Fox depicts this struggle beautifully, depicting specific images she remembers, small moments that can’t reveal the entire truth of her experience until she pieces them together. Flashbacks to young Jennifer (Isabelle Nélisse) show some of the concrete details similar to what Woolf refers to. Moments such as when the 13-year-old girl is riding her horse and Mrs. G and Bill are coaching her riding stance from the fence are not menacing without the context of the trio’s relationship, and these are what Jennifer’s mind has chosen to remember because of that.

What becomes apparent when we write these “moments of being” is that they don’t line up perfectly square and sometimes they don’t fit together at all. Sadly, that’s one of the downfalls of memory, it can be a myth. Jennifer finds this with her mother, Nettie (Ellen Burstyn), who has found and read a short story written by her daughter as a school assignment decades ago. Nettie interprets Jennifer’s tale of her relationship with Mrs. G and Bill to be molestation. But Jennifer initially disagrees. Her cohesive picture of the relationships become clearer, though, as she talks to others who knew Mrs. G and Bill, triggering more memories of that time.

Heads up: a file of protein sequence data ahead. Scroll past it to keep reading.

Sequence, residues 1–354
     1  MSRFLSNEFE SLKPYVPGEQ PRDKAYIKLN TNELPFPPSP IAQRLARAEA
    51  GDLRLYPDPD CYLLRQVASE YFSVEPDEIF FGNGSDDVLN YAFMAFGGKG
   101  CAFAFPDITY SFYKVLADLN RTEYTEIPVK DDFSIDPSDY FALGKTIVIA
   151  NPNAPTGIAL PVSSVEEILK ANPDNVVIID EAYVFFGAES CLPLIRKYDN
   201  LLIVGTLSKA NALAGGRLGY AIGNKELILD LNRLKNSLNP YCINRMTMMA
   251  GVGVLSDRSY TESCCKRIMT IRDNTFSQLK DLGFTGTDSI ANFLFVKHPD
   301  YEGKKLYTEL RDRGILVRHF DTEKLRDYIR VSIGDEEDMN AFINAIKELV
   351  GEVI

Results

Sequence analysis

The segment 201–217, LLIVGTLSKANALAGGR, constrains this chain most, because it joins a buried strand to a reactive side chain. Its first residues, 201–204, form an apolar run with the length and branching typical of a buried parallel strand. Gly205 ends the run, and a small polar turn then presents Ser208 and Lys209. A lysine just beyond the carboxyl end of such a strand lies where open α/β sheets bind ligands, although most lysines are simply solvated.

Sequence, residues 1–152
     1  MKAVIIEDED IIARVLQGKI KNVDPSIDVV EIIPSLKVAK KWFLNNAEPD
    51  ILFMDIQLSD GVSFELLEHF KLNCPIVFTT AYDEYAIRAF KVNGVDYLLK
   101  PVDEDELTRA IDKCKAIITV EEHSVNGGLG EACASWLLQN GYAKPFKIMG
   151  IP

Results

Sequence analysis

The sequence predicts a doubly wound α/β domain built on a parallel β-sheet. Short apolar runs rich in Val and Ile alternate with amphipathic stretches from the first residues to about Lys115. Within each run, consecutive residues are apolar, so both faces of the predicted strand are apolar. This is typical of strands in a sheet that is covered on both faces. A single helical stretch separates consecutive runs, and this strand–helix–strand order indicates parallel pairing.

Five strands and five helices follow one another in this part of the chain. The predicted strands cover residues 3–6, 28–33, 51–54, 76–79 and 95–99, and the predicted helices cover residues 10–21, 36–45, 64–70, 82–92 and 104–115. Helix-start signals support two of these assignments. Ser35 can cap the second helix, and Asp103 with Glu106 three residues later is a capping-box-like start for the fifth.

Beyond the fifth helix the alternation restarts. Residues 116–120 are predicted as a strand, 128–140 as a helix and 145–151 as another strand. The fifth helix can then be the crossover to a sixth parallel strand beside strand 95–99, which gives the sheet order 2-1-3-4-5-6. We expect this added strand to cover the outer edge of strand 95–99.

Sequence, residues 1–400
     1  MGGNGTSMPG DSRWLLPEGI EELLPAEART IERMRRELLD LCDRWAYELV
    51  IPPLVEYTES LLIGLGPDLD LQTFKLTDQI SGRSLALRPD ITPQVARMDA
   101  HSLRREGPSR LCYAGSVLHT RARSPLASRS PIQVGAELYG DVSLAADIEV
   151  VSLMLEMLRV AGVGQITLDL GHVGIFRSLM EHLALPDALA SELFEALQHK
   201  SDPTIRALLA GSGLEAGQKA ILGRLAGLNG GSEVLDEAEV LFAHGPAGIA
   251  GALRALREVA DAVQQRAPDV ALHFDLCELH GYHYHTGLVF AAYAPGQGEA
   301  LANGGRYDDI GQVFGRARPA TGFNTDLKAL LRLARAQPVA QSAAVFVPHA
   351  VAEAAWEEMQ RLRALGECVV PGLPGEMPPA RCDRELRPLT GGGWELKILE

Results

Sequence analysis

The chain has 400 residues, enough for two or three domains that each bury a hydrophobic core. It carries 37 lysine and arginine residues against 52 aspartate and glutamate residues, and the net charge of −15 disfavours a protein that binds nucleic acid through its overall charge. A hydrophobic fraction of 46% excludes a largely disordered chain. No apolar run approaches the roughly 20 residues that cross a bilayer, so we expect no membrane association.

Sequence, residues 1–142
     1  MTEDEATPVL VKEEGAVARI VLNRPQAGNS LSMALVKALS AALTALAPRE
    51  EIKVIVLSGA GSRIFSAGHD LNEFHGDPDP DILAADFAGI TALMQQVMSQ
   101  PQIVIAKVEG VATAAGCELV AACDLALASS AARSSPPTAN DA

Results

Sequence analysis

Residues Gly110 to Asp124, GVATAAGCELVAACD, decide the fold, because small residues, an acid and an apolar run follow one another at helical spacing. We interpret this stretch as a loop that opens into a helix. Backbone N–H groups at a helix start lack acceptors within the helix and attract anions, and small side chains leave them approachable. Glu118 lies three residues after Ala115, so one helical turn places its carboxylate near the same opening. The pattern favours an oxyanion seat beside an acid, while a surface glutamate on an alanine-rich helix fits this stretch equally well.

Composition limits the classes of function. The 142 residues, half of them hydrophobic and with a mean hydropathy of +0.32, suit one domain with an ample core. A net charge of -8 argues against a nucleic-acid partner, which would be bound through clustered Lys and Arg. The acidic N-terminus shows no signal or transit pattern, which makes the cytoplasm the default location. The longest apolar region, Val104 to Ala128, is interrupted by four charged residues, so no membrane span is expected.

Jennifer’s experience with her memory shouldn’t be and is not dismissed as being completely untrue. Author John Kotre (“White Gloves: How We Create Ourselves Through Memory”) says, “A myth is not a falsehood but a comprehensive view of reality. It’s a story that speaks to the heart as well as the mind, seeking to generate conviction about what it thinks is true.”  Fox does this by showing flashbacks first as Jennifer remembers them. At the start of the film, Jennifer recalls being more grown and mature. Another young actress (Jessica Sarah Flaum) appears in the scenes until Nettie points out she is how Jennifer looked at fifteen, not thirteen. Afterward, Nélisse takes over the role and the same scenes are replayed with her in the part.

The Tale Still

Another nonfiction aspect of The Tale is the use of splitting Jennifer into two — her younger self who is experiencing all of the events and the older Jennifer who is putting them together through memories. In nonfiction, those are two different voices. Sentence structure is different or the adjectives are different because they are two opposing authors. The adult Jennifer asks the young Mrs. G and Bill questions about the past in a daydream she has, and this is her attempts to understand her time with Mrs. G and Bill in her adult voice. She employs those two different selves in order to examine her experience as she was then and how she is now.